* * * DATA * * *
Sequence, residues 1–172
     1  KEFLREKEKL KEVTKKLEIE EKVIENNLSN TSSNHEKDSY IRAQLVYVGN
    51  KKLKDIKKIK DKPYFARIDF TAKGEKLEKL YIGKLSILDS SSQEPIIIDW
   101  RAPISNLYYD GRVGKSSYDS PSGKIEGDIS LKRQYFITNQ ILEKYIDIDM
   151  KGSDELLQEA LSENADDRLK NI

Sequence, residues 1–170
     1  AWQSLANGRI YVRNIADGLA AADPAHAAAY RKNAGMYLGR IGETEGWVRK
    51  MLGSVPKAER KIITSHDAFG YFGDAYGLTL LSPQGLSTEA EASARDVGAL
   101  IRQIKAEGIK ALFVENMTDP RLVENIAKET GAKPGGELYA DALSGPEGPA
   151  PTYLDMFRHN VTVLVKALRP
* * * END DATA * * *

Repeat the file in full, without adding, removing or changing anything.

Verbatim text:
Sequence, residues 1–172
     1  KEFLREKEKL KEVTKKLEIE EKVIENNLSN TSSNHEKDSY IRAQLVYVGN
    51  KKLKDIKKIK DKPYFARIDF TAKGEKLEKL YIGKLSILDS SSQEPIIIDW
   101  RAPISNLYYD GRVGKSSYDS PSGKIEGDIS LKRQYFITNQ ILEKYIDIDM
   151  KGSDELLQEA LSENADDRLK NI

Sequence, residues 1–170
     1  AWQSLANGRI YVRNIADGLA AADPAHAAAY RKNAGMYLGR IGETEGWVRK
    51  MLGSVPKAER KIITSHDAFG YFGDAYGLTL LSPQGLSTEA EASARDVGAL
   101  IRQIKAEGIK ALFVENMTDP RLVENIAKET GAKPGGELYA DALSGPEGPA
   151  PTYLDMFRHN VTVLVKALRP